Some playwrights make a name for themselves through their extravagant settings. Some do it by inventing outrageous characters. Amy Herzog does it rather like a stealth missile, letting her characters reveal themselves obliquely and quietly, through their conversations.

Under the skilled direction of Joy Zinoman, Herzog's "4000 Miles" at Studio Theatre is a gem of a play in which Herzog examines two totally different characters and finds great similarities between them. Plot is of minimal importance. Character is everything.

Twenty-one-year-old Leo (Grant Harrison) arrives at the West Village door of his grandmother, Vera (Tana Hicken), at 3 a.m., his bicycle in tow.

He has been on a cross-country tour, and in the process, his best friend has died in a freak accident on the road. Vera takes Leo in for what is supposed to be an overnight stay but which turns out to be a much longer visit, in which grandmother and grandson really get to know one another.

If you go
'4000 Miles'
» Where: Studio Theatre, 1501 14th St. NW
» When: Through April 28
» Info: $39 to $82; 202-332-3300;

Without a college degree or a job, Leo's life seems aimless. At one point, he refers to himself as a "hippie." But it's really Vera who is the hippie. She and her husband were Marxists, then social protesters. But her husband died years earlier, and now Vera is alone.

Harrison is taking as the relaxed Leo, whose mop of curly hair underscores the fact that he is more comfortable camping out than looking civilized. For the most part, he is gentle with his grandmother and understanding of the fact that she is getting old and forgetful.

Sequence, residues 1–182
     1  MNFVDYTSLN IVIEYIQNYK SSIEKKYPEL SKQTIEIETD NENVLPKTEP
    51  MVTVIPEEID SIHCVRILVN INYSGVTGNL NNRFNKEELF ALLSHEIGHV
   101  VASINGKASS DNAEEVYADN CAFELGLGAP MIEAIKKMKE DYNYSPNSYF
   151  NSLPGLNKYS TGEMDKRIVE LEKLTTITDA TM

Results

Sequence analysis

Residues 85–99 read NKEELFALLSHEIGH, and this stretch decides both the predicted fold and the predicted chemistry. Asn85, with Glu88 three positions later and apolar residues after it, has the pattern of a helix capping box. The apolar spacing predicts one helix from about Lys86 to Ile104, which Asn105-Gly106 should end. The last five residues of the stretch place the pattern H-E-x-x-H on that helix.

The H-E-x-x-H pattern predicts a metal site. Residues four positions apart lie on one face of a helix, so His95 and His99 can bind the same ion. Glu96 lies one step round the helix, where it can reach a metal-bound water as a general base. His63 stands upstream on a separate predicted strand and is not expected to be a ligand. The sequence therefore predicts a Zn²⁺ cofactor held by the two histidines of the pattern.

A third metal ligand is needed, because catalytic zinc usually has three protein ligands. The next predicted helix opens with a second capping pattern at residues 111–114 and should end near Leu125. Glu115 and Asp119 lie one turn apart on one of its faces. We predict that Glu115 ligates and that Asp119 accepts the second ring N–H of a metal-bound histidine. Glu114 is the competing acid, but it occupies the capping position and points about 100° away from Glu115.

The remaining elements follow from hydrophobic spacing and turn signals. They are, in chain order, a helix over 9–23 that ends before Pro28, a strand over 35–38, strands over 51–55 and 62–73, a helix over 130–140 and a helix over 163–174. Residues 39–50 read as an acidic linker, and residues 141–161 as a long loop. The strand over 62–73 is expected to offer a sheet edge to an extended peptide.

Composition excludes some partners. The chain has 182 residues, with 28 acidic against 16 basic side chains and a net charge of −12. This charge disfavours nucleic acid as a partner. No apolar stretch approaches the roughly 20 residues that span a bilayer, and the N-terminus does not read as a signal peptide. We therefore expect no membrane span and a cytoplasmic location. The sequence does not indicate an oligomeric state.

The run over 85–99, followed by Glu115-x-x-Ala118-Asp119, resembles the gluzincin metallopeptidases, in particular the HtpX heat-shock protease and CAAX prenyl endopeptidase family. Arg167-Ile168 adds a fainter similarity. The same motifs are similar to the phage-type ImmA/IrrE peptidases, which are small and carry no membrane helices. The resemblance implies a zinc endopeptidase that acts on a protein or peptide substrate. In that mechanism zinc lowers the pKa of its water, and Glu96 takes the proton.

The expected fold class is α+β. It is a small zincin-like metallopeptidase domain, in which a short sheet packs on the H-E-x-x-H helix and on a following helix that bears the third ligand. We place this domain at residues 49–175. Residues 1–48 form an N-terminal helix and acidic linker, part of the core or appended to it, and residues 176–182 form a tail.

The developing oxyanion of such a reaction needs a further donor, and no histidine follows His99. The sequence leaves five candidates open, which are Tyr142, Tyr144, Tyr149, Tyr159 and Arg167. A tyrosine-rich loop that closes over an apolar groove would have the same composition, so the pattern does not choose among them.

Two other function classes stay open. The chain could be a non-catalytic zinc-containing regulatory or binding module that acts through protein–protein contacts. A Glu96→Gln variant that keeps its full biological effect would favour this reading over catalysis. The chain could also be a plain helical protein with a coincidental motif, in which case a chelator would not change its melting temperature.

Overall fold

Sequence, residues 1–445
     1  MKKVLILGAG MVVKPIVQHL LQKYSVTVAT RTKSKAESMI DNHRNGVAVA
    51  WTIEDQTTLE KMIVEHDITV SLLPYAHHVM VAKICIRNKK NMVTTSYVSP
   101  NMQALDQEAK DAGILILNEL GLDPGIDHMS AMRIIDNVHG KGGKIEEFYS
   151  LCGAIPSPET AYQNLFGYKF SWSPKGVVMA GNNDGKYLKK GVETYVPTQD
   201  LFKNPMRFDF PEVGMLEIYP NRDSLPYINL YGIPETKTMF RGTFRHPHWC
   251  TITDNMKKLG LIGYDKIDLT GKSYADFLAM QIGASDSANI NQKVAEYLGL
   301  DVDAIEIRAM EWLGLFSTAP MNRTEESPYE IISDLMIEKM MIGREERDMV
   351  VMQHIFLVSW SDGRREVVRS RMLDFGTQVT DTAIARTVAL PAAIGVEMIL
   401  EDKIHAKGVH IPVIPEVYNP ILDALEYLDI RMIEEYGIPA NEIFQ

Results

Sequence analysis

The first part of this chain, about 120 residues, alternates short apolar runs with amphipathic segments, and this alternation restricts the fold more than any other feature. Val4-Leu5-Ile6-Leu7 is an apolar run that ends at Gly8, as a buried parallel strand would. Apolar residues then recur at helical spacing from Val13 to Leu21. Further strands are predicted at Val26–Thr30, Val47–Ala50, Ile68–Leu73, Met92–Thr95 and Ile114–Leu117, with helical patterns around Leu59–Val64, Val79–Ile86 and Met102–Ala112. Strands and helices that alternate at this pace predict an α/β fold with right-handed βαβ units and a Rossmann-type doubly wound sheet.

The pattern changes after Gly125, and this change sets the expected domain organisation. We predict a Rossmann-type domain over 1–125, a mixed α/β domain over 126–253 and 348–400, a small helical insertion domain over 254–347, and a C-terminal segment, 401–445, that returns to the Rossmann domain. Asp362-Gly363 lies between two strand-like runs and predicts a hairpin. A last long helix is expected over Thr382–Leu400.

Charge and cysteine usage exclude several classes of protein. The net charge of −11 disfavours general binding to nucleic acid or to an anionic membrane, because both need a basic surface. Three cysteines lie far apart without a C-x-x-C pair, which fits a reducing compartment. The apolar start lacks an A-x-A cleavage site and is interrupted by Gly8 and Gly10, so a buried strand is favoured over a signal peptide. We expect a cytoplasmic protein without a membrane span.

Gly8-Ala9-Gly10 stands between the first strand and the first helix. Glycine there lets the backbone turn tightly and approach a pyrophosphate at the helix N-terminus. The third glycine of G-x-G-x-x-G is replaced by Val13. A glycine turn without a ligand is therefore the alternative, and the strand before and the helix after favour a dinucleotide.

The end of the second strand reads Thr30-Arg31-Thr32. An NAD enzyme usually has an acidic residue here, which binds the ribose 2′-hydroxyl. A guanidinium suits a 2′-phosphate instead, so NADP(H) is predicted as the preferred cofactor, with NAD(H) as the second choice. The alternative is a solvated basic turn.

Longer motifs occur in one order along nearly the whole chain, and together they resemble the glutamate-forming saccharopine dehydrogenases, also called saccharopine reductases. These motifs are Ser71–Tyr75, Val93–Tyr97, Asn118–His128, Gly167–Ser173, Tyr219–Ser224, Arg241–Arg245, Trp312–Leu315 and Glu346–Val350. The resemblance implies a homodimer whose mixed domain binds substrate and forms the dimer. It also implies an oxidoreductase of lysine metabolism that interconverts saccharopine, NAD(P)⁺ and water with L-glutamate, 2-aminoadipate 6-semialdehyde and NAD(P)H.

But the play really belongs to Hicken, who plays Vera as a fearless woman who is far more lucid than distracted. In their more intimate moments, when Leo tries to explain his life to Vera, it is clear that she is the sounding board that his own mother, with her expectations and criticisms, never could be. Hicken has a down-home kind of humor that brings out the sparkle in Herzog's dialogue.

There are two other characters in "4000 Miles." The first is Leo's girlfriend, Bec (portrayed well by Heather Haney), who is beginning to want more than her relationship with Leo. The fourth character is a young woman Leo picks up, Amanda (Annie Chang). Chang is delightful as the bubble-headed Amanda, whose sparkly hot-pink blouse matches her platform spike heels and who has a bright blue stripe running through her hair.

Russell Metheny's set shows a comfortable living room, its walls lined with books. It is the perfect place for Leo and Vera to move from being nearly strangers to being close relatives and to explore the fact that they have important stories to tell each other.